Tuesday, November 28, 2006

10 Reasons

In answer to the continuing bitchfest that has become my post titled Summer in Greece, here are ten things I like about living in Athens:

1. 20 C at the end of November
2. The Acropolis at night
3. Souvlaki
4. Galaktoburiko
5. Greek summers by the sea
6. The pastry shop around the corner
7. Hot, crispy loukoumades with melted honey
8. Abundant eye-candy
9. How there's always a way to get around any rule
10. Happy faces on the street

There! Now stop baying for my blood! Because you have been naughty and didn't read all the nice things I've previously said about Greece I am rejecting all mean comments on that post from now on. Let's put it in a simpler way that might help you understand:

India is a beautiful country rich in history, with friendly people and delicious food. You'd love it if you went for a visit, but living there is a whole other matter. After a few months of the same spicy food all the time, the language barrier, the cultural differences, squealing Bollywood songs on the radio all day, you might start to find parts of life there irritating.

It's no reflection on India's greatness if you are finding it hard now and then to settle down there. Replace India with Greece and you'll see what I mean. Do you get it now? Will you all calm down and stop campaigning to get me kicked out of the country?

Friday, November 24, 2006

Memory Too Low

I have stumbled across a rather sad fact. My brain seems to have the capacity for only two languages at any one given time. As my growing Greek takes over space in my already taxed brain, I have discovered that my second language, acquired while growing up in the Hinterland is slowly filtering out of my brain like oil from a pressed olive.

Mr Zeus being a glutton for punishment like me, now and then asks me what we call such and such thing Back Home. And more often than not I find myself saying I don't know.

So here we have history repeating itself and the Greek language taking over where Alexander the Great left off and invading braincells instead of countries.
Image: http://www.dancingstarfoundation.org/images/No-Vacancy-Open33.jpg

My New Best Friend

A mysterious Jenny recently left a comment on my blog and she is my new Best Friend. Why? Because she knows Sarbel!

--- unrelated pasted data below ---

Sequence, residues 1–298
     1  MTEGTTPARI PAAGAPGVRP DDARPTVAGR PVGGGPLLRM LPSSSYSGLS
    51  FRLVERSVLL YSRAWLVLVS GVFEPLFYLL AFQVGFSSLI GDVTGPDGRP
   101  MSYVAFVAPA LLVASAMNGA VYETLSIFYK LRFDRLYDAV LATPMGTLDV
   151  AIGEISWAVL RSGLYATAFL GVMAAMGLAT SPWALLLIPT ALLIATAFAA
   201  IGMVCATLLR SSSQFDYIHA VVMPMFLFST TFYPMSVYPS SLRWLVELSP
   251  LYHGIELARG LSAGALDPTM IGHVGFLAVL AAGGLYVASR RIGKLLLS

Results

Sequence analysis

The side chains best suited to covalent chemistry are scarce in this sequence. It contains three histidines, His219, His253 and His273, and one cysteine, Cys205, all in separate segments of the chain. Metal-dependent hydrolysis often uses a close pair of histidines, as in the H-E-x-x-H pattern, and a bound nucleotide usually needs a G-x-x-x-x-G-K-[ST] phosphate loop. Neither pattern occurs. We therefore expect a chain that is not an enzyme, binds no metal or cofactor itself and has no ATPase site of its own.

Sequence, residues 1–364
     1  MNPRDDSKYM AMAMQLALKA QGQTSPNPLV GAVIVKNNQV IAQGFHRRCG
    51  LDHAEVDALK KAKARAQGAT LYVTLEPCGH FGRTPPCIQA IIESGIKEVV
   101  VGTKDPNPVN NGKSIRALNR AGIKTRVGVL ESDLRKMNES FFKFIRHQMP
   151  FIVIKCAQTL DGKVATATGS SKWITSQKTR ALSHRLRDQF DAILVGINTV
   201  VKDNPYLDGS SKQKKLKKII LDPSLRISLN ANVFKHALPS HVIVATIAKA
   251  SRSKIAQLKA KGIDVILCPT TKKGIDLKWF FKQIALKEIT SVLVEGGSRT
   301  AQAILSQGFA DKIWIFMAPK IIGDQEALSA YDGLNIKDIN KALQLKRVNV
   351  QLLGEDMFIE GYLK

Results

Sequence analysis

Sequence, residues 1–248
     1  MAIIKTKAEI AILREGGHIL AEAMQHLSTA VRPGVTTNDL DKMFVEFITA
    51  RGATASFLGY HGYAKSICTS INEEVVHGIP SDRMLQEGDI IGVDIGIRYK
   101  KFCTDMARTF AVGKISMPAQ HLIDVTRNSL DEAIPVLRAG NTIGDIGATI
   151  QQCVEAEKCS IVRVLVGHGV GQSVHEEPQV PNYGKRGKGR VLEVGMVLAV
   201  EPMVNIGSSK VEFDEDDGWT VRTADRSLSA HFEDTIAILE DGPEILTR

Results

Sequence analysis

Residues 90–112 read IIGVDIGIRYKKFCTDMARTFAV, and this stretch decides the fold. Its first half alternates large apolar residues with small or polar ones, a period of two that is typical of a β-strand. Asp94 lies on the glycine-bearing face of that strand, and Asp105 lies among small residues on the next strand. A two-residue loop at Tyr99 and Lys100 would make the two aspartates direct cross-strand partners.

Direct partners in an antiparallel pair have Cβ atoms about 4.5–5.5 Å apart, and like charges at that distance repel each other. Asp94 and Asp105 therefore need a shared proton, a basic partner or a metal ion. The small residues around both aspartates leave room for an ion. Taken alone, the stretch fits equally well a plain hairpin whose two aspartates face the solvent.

To learn more about my twin Sarbel (born same day, same month, same year as me... destiny...) see my post titled Sweet Sugar Goodness.

I don't think Mr Zeus even knows about this blog, but if he is reading this I know he won't be pleased that I actually have a way to meet the lovely komati of sokolata Sarbel.
Sarbel, in case you are wondering, there's still no ring on this finger you know... Just saying that anything's possible. Heck, you might even be a big fan of this blog and one of the anonymous posters, wondering, just wondering how to meet me. Now you know! Hooray!

Image: http://www.smartgiftsolutions.co.uk/images/misc/eating_chocolate.jpg

Friday, November 10, 2006

Cutting the Umbilical Cord

As time moves on and friendships progress, people tell you things about their life that make you go"Hmmm". The recurring topic with the biggest "Hmmm" factor is Greek men and their mothers. Greeks are very close to their families, and coming from a similar culture I appreciate that.

But whatI find a little strange is the hostility some Greek mothers display to their daughters-in-law. Sure, Mamaka's favourite hobby isn't to invite her friends over to douse her daughter-in-law in petrol and set her alight like in the Home Country, but why do the mothers of Greece, a modern and progressive nation, seem to prefer their sons over their daughters and treat daughters-in-law as rivals? And how come some Greek men will always take Mama's side and not Wifey's side. It's all a bit Oediopal, isn't it? Someone enlighten me!

On to more serious matters...

"She was stuck-up because of her grades."
"She lied about the rape."
"The boys are from very good families."
"If she comes here again, no one will speak to her, she will be isolated."
"I say it would be better to lynch her."
"She wasn't all that attractive, I'm telling you she wasn't worth it."
"She was belittling their manhood."
"By saying they knew nothing about sex she was asking for it."

The above are comments from boys at the school where a 16 year old Bulgarian schoolgirl was gang raped by four local boys in Evia, Greece.
I'm very shocked by this and that's why it's up on my otherwise pointless blog. I am planning to make Greece my home, who knows what my future children will be treated like one day if this is the attitude of some teenagers in Greece?
Interested to hear what Greeks think of this.

Image: Corrupted from http://www.allposters.com/-sp/The-First-Rendezvous-Posters_i391532_.htm